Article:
Sis­ter also for­mer mil­i­tary, and recently retired from VA Hos­pi­tal Admin­is­tra­tor posi­tion, hav­ing helped develop train­ing in Med­ical Dis­as­ter Response Teams for her facil­ity and region in Texas, whose group was one that helped respond to the earth­quake in Haiti. She recently remar­ried, earned her CDL, and is now a truck dri­ver with her hus­band. She also believes in hav­ing the basics, no mat­ter where you are.

I have three grown chil­dren, and all three lived the life we live now, includ­ing 10 years of home­school­ing.  Two are col­lege grad­u­ates, while the other has earned sev­eral cer­ti­fi­ca­tions in the auto­mo­tive indus­try, includ­ing diesel mechan­ics.

Old­est is my daugh­ter, who is mar­ried with our sec­ond grand­son born May of 2011. She works at a new plumbing supply business with her husband CJ, and does the bookkeeping and all other tasks as needed, while keeping little Charley happy and busy at the office.. She loves cook­ing, has started doing her own repairs, and is not afraid to tackle any issue head on.

Old­est son is a mechanic and father with three small chil­dren (9,5,3). He is liv­ing the tough part of his life right now. He, his wife, and their three children have lived with us since summer 2011. He’s devel­op­ing life­long skills and we see the grand kids everyday. Like myself, he attacks prob­lems head on and is a prob­lem solver. Having some helf issues, including potential surgery in a few weeks.

Youngest son is a an up and com­ing musi­cian who started a new band called Farewell Fighter in Nashville after fly­ing out there with just a gui­tar and back­pack a cou­ple of years ago.  He’s just released his third CD. His band has twice won regional and national band com­pe­ti­tions and has a huge fol­low­ing. His and his band mates spent the entire year of 2011 on the road, playing 160 concerts, doing every stop on the Van’s Warped Music tour, including a featured set in Cincinnati, and will be playing a huge music festival in Texas in March, the Never Say Never Concert weekend, with thousands and thousands of paying music lovers. I would say he’s really applied his sur­vival and adap­tion skills and is thriv­ing in his envi­ron­ment.  He has been approached by sev­eral pro­fes­sion­als in the music indus­try on sev­eral projects, and should get signed on with a record label this year.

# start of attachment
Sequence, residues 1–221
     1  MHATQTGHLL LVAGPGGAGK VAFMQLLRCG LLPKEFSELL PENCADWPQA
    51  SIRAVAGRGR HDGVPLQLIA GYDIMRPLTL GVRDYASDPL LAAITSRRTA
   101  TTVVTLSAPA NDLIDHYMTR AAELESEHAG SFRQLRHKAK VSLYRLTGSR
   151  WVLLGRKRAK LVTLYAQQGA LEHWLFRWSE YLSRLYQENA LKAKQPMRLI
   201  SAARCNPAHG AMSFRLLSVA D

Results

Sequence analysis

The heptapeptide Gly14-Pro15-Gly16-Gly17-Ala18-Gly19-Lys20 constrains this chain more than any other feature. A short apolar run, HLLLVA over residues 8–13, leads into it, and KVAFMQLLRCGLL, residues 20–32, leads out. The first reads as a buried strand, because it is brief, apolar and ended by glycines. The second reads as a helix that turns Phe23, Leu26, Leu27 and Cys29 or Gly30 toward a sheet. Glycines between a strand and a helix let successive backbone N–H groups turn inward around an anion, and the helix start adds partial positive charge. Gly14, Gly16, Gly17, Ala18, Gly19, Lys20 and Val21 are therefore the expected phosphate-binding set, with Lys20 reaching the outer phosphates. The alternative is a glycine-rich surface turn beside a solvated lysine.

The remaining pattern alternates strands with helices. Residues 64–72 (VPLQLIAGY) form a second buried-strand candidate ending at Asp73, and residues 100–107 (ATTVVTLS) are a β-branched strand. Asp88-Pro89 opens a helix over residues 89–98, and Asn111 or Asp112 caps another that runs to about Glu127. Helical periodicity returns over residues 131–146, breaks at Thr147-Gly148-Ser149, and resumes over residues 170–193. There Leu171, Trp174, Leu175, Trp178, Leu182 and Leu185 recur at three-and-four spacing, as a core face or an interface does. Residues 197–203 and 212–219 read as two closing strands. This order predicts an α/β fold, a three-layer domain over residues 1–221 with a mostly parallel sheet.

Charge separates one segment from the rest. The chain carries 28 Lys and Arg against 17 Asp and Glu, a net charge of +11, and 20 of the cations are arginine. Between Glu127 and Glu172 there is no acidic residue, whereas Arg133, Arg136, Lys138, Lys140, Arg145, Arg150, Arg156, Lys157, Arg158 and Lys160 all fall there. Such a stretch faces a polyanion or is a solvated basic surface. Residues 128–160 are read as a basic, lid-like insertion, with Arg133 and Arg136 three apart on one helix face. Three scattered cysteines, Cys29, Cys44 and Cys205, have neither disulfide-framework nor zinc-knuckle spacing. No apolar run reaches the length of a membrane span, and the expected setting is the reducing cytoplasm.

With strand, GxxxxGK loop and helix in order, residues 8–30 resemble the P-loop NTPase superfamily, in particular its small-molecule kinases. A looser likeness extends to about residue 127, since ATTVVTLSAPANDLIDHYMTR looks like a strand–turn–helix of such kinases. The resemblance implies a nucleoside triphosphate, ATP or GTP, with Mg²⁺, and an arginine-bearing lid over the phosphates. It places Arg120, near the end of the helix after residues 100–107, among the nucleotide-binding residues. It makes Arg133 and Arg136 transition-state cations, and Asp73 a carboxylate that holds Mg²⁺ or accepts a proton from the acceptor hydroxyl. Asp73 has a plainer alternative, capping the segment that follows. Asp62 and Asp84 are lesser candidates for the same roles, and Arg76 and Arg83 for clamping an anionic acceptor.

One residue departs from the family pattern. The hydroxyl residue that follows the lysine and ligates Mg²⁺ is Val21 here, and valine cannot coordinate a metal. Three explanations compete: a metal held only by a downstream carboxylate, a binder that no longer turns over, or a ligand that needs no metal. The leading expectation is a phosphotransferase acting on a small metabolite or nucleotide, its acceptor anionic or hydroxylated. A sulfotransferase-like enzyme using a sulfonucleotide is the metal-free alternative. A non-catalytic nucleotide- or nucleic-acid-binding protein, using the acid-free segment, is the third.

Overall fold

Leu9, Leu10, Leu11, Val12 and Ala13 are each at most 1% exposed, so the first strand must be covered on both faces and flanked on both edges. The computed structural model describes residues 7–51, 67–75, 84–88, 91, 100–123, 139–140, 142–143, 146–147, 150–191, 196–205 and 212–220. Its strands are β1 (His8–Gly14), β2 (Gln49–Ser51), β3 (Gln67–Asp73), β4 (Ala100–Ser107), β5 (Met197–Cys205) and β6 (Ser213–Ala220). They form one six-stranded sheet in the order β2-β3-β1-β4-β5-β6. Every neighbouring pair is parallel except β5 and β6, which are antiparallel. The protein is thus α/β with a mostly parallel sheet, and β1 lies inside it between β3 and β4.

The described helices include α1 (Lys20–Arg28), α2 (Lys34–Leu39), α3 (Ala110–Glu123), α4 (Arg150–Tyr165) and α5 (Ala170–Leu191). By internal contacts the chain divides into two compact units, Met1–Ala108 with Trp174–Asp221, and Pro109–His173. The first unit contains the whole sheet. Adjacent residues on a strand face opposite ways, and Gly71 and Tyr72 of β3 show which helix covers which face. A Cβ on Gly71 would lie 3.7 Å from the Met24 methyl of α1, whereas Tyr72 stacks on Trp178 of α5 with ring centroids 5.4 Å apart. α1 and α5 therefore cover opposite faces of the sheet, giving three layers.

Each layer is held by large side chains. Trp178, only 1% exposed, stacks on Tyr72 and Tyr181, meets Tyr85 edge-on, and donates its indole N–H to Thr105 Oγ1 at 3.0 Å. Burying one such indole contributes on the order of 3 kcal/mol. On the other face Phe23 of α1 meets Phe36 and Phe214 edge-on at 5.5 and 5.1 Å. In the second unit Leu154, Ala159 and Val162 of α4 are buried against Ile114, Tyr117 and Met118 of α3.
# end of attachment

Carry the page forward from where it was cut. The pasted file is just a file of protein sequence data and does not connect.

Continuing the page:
Do you run drills or case scenarios with your fam­ily or clos­est friends?  If so, who/what’s their name?

No drills. Our clos­est neigh­bors also live the lifestyle we do. We do real life, including driving half way across the state when we have an emergency to help one another, including towing broken down cars, 100 miles of more.

Do you have a root cel­lar? A under­ground bunker?

No, but we do plan to add on secure and safe areas to our home in the future. Poten­tial under­ground shel­ter is planned, and already designed.

What’s in your under­ground shel­ter?

Noth­ing Yet. It’s above ground. Planned under­ground stor­age will be acces­si­ble (wife is dis­abled), used for storm shel­ter, sup­plies, envi­ron­men­tally con­trolled, and could be used for liv­ing space dur­ing dan­ger­ous times. Design includes two 40 foot con­tain­ers buried, but sit­ting on a cement slab, with cin­der block walls, and slab roof. We have sev­eral nat­ural sand­stone rocky out­crop­pings just yards from the house that would pro­vide excel­lent above ground diver­sions from the shel­ter only feet away when done.

What sort of things do you store?

Food, obvi­ously. Two freez­ers for corn fed beef we buy a half or whole cow at a time, from a local rancher.   We share with our kids when they need it. We also buy canned food, pre­pared boxed food, and other items by the case, when case lots sales occur at local stores. Set­ting up an indoor and out­door con­tainer gar­den sys­tem this spring, and will move into hydro­pon­ics and sprout­ing this year, both of which pro­vide food year round.